HIV NRTI + Integrase Strand Transfer Inhibitor Com Drug Class Overview, Drugs, Uses, Side Effects, and Interactions

Combinations of Nucleoside/Nucleotide Reverse Transcriptase Inhibitors (NRTIs) and Integrase Strand Transfer Inhibitors (ISTIs) are often prescribed to treat human immunodeficiency virus (HIV). Using multiple drugs as a combination to target different parts of the virus is referred to as highly active antiretroviral therapy (HAART). They work together by targeting different areas affected by the virus. NRTIs work against a substance called reverse transcriptase, which HIV uses to infect immune system cells. ISTIs target the actions of integrase, which helps integrate viral DNA into the host chromosome. Using drugs singularly or improperly to treat HIV can result in drug-resistant strains of the virus, which is why physicians usually prescribe medications in tandem. Combination therapies defend against resistance by further repressing replication.

HIV NRTI + Integrase Strand Transfer Inhibitor Com Drugs

There are several different types of both of these classes of drugs that can be used together in a variety of combinations. All of the drugs on these lists have been approved for use by the U.S. Food and Drug Administration.

ISTIs:

NRTIs:

HIV NRTI + Integrase Strand Transfer Inhibitor Com Uses

These two drugs are only ever used in the treatment of human immunodeficiency virus. Because of scientific advances such as these medications, HIV has been transformed from a death sentence to a moderate chronic illness. These two drugs are almost always combined using two NRTIs and one ISTI. NRTIs, however, are also often used in conjunction with other drugs. ISTIs are approved for use both in patients new to HIV treatment and patients who have been undergoing treatment for some time, but are most commonly prescribed to those who have already been receiving treatment. Since the two drugs are prescribed together, they are sometimes available in a single medication. Those medications are referred to as fixed-dose combinations.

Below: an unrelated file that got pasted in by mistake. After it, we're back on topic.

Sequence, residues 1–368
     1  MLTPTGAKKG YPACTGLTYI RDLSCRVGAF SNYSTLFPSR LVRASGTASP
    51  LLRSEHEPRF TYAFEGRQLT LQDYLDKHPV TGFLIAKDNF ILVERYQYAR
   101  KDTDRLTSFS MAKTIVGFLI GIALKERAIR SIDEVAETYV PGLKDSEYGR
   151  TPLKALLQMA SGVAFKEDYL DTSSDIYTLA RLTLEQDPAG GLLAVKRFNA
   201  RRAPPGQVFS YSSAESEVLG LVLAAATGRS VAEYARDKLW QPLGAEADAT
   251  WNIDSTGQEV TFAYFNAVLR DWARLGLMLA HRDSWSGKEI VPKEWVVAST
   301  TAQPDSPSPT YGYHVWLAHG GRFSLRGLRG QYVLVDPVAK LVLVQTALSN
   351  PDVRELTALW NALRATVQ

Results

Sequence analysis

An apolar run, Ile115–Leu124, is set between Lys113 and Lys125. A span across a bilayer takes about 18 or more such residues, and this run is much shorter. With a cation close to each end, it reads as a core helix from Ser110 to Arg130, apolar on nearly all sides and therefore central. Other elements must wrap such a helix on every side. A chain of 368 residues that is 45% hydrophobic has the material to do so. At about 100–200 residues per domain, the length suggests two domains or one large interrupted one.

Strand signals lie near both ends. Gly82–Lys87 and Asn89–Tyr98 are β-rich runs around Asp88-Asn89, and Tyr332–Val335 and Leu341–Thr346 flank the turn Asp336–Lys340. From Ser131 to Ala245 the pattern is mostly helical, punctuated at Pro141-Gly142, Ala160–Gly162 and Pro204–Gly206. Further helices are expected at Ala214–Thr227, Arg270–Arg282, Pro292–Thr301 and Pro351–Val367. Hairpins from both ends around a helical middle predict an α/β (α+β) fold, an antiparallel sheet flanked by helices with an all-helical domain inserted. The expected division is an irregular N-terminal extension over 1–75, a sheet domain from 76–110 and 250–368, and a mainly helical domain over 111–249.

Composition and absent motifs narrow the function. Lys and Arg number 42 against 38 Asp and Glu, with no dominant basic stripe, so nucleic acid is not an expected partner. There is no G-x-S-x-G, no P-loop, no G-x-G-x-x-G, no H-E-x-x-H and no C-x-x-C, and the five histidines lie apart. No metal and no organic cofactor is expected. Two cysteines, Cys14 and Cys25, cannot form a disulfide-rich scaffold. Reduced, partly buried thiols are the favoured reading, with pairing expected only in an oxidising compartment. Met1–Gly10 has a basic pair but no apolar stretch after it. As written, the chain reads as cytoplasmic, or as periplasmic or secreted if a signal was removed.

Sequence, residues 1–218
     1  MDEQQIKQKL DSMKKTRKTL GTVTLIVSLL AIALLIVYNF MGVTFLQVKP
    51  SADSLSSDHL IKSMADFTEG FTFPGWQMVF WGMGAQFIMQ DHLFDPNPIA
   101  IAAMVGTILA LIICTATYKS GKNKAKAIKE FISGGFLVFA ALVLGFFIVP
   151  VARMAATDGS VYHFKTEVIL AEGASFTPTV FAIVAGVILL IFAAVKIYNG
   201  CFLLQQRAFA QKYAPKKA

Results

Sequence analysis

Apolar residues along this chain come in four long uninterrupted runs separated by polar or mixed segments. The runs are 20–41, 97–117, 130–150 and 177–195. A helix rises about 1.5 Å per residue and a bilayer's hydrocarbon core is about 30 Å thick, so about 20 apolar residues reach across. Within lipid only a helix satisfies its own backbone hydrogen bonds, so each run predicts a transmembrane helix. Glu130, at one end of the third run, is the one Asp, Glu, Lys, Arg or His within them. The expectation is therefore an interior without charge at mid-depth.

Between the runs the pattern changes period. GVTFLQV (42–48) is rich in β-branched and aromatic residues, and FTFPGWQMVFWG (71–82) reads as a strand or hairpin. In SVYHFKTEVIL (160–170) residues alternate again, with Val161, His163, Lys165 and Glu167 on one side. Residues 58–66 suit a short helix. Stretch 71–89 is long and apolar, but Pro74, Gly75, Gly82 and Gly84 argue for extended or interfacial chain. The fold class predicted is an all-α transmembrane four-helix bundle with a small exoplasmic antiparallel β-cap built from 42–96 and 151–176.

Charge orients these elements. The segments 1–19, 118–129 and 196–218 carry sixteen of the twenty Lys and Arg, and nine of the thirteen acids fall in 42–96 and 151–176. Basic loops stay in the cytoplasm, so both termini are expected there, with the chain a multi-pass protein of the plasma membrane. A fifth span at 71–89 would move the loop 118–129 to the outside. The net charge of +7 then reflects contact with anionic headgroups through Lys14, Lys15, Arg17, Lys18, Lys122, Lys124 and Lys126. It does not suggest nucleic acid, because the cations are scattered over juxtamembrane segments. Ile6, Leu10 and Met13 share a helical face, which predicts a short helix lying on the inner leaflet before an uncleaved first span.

HIV NRTI + Integrase Strand Transfer Inhibitor Com Side Effects

The side effects of this combination are smaller than most combination therapies for HIV. ISTIs are especially well-tolerated, although due to limited testing not much information is available on long-term consequences of their use. There aren’t particular side effects of the combination, but NRTIs can lead to the following conditions:

  • Lipoatrophy
  • Peripheral neuropathy
  • Myopathy
  • Liver steatosis
  • High levels of lactate

HIV NRTI + Integrase Strand Transfer Inhibitor Com Interactions

These drugs interact very well with each other. While limited information is available on how the combination interacts with other things, each drug comes with a lengthy list of things to avoid. Before beginning this combination, speak with your doctor about possible negative interactions.